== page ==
The Naga and Buddhism

The Naga and Buddhism


This magical being got involved in many of Buddha’s quest for his enlightenment. The Naga's live at the bottom of deep rivers, seas and oceans and in the bowels of the earth and they also live in wells and lakes.. They can fly in the air however; they do not do so too often because they will become exposed to attacks from their eternal enemies, the galon (garuda) birds. They protect meditators and spend wisdom as well as strong magical powers (theikdi). They have many peaceful and wrathful forms. They also live in wells, lakes and rivers.


Naga's in Buddhism

In Buddhism, nagas are often represented as door guardians or, as in Tibet, as minor deities. The naga king Muchalinda, who sheltered the Buddha from rain for seven days while he was deep in meditation, is beautifully depicted in the 9th–13th century Mon-Khmer Buddhas of what are now Thailand and Cambodia. In Jainism the Tirthankara (saviour) Parshvanatha is always shown with a canopy of naga hoods above his head.


Naga Puja

The Naga puja is mainly performed to appease nagas that one may have been offended, or to please nagas that are active in areas where one wishes to live, work or conduct business.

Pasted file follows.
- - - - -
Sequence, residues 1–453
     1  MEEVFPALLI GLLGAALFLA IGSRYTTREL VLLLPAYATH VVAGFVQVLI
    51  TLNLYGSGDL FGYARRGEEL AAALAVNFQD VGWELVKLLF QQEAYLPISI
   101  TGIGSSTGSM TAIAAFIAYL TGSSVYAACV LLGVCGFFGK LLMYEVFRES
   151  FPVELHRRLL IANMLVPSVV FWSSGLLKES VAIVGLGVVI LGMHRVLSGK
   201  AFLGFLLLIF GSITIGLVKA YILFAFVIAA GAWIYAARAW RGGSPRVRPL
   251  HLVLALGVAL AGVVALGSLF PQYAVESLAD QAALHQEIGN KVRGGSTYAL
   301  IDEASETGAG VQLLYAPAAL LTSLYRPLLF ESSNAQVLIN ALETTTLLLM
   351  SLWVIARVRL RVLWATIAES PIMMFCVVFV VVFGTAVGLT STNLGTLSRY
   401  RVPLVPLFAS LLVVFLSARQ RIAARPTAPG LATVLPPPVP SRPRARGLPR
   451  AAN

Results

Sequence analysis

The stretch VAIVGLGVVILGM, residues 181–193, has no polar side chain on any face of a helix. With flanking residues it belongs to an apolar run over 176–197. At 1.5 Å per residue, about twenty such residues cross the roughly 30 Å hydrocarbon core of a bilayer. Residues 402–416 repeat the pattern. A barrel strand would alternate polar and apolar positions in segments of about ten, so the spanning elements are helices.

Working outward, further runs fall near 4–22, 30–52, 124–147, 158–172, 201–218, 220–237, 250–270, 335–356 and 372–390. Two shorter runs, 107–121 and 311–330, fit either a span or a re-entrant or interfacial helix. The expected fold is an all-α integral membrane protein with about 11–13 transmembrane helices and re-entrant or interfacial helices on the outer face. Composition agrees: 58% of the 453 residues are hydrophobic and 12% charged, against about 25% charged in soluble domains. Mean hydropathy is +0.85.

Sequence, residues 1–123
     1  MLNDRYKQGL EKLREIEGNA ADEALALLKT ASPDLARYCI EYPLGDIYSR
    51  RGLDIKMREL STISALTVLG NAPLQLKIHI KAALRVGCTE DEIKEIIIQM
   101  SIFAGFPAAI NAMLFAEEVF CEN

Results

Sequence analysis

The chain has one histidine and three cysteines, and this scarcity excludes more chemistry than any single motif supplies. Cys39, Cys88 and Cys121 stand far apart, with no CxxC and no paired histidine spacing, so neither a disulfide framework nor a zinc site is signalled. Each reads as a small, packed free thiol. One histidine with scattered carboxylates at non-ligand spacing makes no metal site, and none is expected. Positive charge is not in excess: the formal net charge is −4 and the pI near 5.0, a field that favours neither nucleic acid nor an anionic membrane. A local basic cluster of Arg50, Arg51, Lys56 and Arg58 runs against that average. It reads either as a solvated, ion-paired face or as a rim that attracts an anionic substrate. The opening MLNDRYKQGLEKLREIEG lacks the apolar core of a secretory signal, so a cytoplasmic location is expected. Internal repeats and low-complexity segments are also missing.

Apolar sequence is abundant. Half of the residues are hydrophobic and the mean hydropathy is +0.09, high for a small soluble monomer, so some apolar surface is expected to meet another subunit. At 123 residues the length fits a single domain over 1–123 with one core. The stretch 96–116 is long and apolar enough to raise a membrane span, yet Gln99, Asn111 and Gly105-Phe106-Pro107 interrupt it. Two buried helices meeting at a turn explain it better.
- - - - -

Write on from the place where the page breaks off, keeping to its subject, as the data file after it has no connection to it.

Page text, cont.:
One of the eight classes of spirits, nagas are serpent-like in form and live primarily in water bodies and to a lesser extent are associated with earth and trees. They are powerful beings whose abilities include controlling the weather, bringing good fortune and wealth, and enhancing fertility and positivity. Conversely, nagas can also inflict disease, obstacles and natural disasters when displeased.

It is wise to conduct naga pujas and make the traditional offerings of incense and ritual cakes to nagas prior to disturbing the earth for any reason, particularly for construction and development projects. Nagas are very sensitive towards humanity's carelessness, improper conduct in nature and disrespectful actions in relation to the environment. Disturbed nagas will frequently retaliate with skin diseases and natural calamities unless the appropriate pujas are done beforehand.

Once the puja is done, it is said that one's present wealth, fame, health, merits will improve, good weather, resources, peace and prosperity will abound, obstacles and sickness will be eliminated, and one's practices will be accomplished.

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